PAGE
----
Andrea Tafi has registered with the UCI in the latest step towards his Paris-Roubaix return at the age of 52.
Tafi, who won in the legendary velodrome 20 years ago, said he has found a team willing to take him on for the 2019 edition.
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The Italian’s name has been included on the UCI Registered Testing Pool, which allows him to ride at WorldTour and professional continental level.
Tafi recently told Belgian newspaper Het Laatste Nieuws: “Unfortunately I can not say which [team]. Not yet.
“I know how difficult it is.
“I’m going to train and see where I come out.”
The UCI pool is the register of riders who have submitted their whereabouts information to the authorities, which means officials can find the athletes at any time to carry out anti-doping tests.
Born in 1966, Tafi is still not the oldest rider on the UCI’s Registered Testing Pool.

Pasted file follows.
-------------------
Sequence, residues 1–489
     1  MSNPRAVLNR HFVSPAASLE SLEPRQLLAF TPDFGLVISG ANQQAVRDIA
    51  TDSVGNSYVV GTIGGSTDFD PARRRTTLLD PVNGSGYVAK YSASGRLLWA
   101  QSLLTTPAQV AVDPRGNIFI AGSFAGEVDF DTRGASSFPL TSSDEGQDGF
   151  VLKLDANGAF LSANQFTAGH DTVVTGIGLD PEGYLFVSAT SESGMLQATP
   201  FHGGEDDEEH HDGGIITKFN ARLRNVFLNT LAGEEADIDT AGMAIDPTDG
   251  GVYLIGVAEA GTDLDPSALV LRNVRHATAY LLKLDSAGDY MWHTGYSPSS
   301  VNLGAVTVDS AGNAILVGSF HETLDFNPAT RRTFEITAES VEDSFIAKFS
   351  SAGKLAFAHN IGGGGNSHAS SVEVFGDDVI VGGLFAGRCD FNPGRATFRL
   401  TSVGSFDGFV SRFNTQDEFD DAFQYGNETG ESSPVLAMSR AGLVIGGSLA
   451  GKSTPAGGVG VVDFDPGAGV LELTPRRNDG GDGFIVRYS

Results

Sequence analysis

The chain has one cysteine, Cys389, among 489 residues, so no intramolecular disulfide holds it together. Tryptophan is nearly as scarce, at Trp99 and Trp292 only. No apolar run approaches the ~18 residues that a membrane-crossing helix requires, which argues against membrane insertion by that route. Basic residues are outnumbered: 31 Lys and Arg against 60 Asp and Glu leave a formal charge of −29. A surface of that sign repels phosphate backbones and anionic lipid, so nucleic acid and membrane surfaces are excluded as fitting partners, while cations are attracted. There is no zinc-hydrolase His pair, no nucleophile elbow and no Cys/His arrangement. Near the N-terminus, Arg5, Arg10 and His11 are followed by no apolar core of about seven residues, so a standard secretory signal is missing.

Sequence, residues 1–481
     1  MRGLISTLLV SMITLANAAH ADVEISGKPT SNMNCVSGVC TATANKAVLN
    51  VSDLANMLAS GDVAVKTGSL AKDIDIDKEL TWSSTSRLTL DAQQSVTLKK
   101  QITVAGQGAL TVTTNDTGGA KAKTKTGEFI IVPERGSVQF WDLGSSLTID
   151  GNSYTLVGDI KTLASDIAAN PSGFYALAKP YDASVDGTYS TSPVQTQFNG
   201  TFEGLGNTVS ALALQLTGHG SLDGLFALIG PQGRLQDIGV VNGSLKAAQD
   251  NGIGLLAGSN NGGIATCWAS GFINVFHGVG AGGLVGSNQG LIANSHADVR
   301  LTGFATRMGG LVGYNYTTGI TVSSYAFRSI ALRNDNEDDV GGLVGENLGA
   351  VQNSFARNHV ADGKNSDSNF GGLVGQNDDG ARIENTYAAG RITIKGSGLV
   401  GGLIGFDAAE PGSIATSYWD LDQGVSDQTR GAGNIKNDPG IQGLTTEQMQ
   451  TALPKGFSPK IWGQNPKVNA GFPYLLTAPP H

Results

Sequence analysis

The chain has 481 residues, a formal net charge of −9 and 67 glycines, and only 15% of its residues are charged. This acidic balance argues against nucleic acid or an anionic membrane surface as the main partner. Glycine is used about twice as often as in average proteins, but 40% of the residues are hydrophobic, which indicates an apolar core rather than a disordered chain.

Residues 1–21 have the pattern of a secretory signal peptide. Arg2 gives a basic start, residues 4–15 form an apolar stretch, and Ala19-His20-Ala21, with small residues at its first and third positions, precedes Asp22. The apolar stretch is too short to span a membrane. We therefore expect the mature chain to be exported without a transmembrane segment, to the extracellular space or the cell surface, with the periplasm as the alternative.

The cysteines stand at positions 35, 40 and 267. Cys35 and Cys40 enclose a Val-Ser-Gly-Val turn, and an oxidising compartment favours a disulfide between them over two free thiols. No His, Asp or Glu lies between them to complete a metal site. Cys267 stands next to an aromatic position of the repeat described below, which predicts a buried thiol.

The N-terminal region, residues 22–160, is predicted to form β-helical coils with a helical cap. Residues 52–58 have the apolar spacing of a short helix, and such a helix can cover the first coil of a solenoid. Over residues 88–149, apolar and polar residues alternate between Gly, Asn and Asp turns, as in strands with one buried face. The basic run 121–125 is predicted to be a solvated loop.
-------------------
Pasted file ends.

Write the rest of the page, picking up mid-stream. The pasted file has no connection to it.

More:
The oldest is German paracyclist Hans Peter Durst at 60, followed by Australian cyclist, swimmer and rower Carol Cook who is 57.
Tafi won Paris-Roubaix in 1999 while riding for Mapei, at the age of 32.
He retired in 2005, having completed the race 13 times, finishing every time he entered and placing first, second and third.
Tafi claimed he had “earned a master’s degree” in the race.
During his career he also won the Tour of Flanders in 2002, Paris-Tours in 2000 and Il Lombardia in 1996.
Australian Mathew Hayman (Mitchelton-Scott) won the race in 2016 at 37 years old. The oldest winner is Frenchman Gilbert Duclos-Lassalle, who won twice, the second time in 1993 at 38 years old. No one ever retired and returned 20 years later to race, let alone win.
This year’s winner was Peter Sagan (Bora-Hangrohe), who finally found luck on his side and claimed his second career Monument at 28 years old.